There is a great debate raging in the Democratic Party between two competing schools of thought: what I’ll call the persuasionists and the turnouters.
The persuasionists wax nostalgic about changing the hearts and minds of voters who are already going to vote in 2020. They obsess about the 206 pivot counties that voted for Barack Obama in 2012 but backed Donald Trump in 2016. They focus on the suburban voters — especially professional, college-educated white women — who fueled the flip of 37 suburban House districts to Democratic control in 2018. From rural diners to suburban office parks, persuasionists think our path to victory in 2020 relies on persuading these voters.
The turnouters see the world the other way. Instead of changing hearts and minds, they want to change motivation and behavior. They obsess over the 30 percent of the country who didn’t vote in 2016 — more than half of whom are nonwhite and two-thirds of whom are under 50. They fondly remember the breathless coverage of a rising American electorate that fueled Obama in 2008 and 2012, hoping we can replicate it.
The reality is that persuasionists and turnouters are both right — and they’re both wrong.
The stakes in this election are too high to bet our chips on any one strategy. This isn’t “Sophie’s Choice” for the Democratic Party: Rather, it’s an embarrassment of riches, but only if we do it right.
Looking at the 2018 election results, Democrats have reason to believe there are still significant swaths of persuadable voters. According to post-election analysis by Catalist, 4.5 percent of the 5 percent margin change from 2016 to 2018 came from consistent voters who changed which side they voted for. In other words, 89 percent of the margin came from some form of vote-shifting. Some of that shift may endure in 2020, while some was likely just the perennial rejection of the status quo, the party in power in Washington.
The best argument for investing in persuasion comes from simple math: the multiplier effect. If you persuade one voter to switch from Donald Trump to the Democratic nominee, you take one from Trump and you add one to the Democrats, expanding our lead by two votes. For every one person persuaded, we win twice.
On the other hand, the biggest advantage of a turnout focus is that the opportunities abound. While finding the right persuadable target is akin to finding a needle in a haystack, identifying turnout targets is as easy as looking for corn in a cornfield. Thirty percent of the country didn’t vote in 2016, and those non-votes include Democratic-leaning demographics like people of color and younger voters. Motivating younger people and people of color to vote was critical to creating the winnable midterm electorate in 2018, unlike what we saw in 2014 and 2010 midterms.
But while turnout voters are easier to find than persuasion voters, turning them out isn’t easy, because it requires changing their behavior. It takes hard work and a sustained conversation — you can’t just show up the weekend before the election. And here, the multiplier effect works in reverse: Increasing turnout by 10 percent among younger voters who oppose Trump by a factor of two-to-one only increases your margin by 3 percent.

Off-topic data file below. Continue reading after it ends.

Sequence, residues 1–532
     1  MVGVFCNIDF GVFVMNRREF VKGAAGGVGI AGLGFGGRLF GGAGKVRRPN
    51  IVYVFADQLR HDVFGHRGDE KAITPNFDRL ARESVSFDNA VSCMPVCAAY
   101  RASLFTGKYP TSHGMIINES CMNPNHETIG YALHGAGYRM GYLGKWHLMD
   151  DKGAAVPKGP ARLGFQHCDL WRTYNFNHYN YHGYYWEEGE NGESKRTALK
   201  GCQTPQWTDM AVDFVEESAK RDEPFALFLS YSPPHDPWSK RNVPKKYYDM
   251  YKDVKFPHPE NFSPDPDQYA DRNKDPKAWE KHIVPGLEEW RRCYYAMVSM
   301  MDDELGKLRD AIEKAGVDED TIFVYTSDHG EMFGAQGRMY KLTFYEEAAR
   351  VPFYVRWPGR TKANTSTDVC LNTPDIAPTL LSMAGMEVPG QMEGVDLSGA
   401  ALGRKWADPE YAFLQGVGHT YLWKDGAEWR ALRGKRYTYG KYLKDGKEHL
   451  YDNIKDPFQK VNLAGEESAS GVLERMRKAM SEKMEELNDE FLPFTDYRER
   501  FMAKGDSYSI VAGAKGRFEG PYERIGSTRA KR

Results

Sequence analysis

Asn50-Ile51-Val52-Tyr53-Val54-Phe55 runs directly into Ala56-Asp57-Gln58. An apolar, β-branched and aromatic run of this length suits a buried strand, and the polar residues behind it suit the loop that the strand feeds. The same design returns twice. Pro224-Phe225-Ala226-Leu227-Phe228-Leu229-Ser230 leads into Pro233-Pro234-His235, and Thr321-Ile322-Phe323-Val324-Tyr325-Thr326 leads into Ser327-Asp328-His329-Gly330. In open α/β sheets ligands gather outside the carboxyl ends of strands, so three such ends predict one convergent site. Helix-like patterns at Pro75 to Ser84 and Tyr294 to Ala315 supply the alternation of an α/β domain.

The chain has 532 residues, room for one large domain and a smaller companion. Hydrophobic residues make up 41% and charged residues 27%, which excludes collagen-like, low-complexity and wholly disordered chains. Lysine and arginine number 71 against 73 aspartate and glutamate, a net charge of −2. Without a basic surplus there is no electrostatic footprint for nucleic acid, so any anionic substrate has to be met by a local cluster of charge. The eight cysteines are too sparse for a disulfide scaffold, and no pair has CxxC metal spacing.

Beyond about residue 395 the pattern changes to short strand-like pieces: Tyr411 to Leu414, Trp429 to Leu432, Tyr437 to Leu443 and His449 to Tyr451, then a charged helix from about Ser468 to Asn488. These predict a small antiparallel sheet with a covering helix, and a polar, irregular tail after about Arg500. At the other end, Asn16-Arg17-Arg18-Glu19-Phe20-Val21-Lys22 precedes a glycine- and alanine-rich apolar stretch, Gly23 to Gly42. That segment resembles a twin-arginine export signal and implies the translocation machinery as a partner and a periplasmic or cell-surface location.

In the end, we need to work on persuasion and turnout simultaneously, and to do that, we need to find the through-thread that works for both. Viewing them as segments — telling turnout targets one thing and persuasion targets something different — won’t work. We don’t need to pick either a message of motivation or a message of persuasion. Fortunately, blending these messages is easier than conventional wisdom might lead us to believe.
The least-discussed reality of politics is this: Voters are less dissimilar than we think. The turnout targets — the Obama voters who didn’t show up in 2016 — are progressives, but they’re more moderate than many habitual Democratic voters on issues from health care to the environment to fiscal policy. Democrats won’t bring them to the polls just by checking all the right boxes or litmus tests.
On the other hand, persuasion targets are actually more progressive than we might think. For example, many non-college-educated white women (who largely voted for Trump) are concerned about health care, support background checks and believe climate change is real. They’re not the stereotypical MAGA hat-wearing white guys in the diner.
Whether we’re looking at persuasion or turnout, we must remember that voters aren’t checking off boxes, and they aren’t making decisions in silos. They’re deciding based on their emotional response to a candidate’s story. From Obama’s “Change We Can Believe In” to Bill Clinton’s “For People, For a Change,” it was their stories that both persuaded voters and got them to the polls.
If Democrats want to win in 2020, we need to find a candidate who can tell their story, share their values and be the antidote to what we’re seeing from Trump.
Instead of endlessly arguing about our focus, we need to move past the porridge that is too hot or too cold, and find one that is just right.
Jesse Ferguson is a veteran Democratic strategist and general consultant who was deputy national press secretary and senior spokesman on Hillary Clinton’s 2016 campaign and served as deputy executive director and director of independent expenditures for the Democratic Congressional Campaign Committee.
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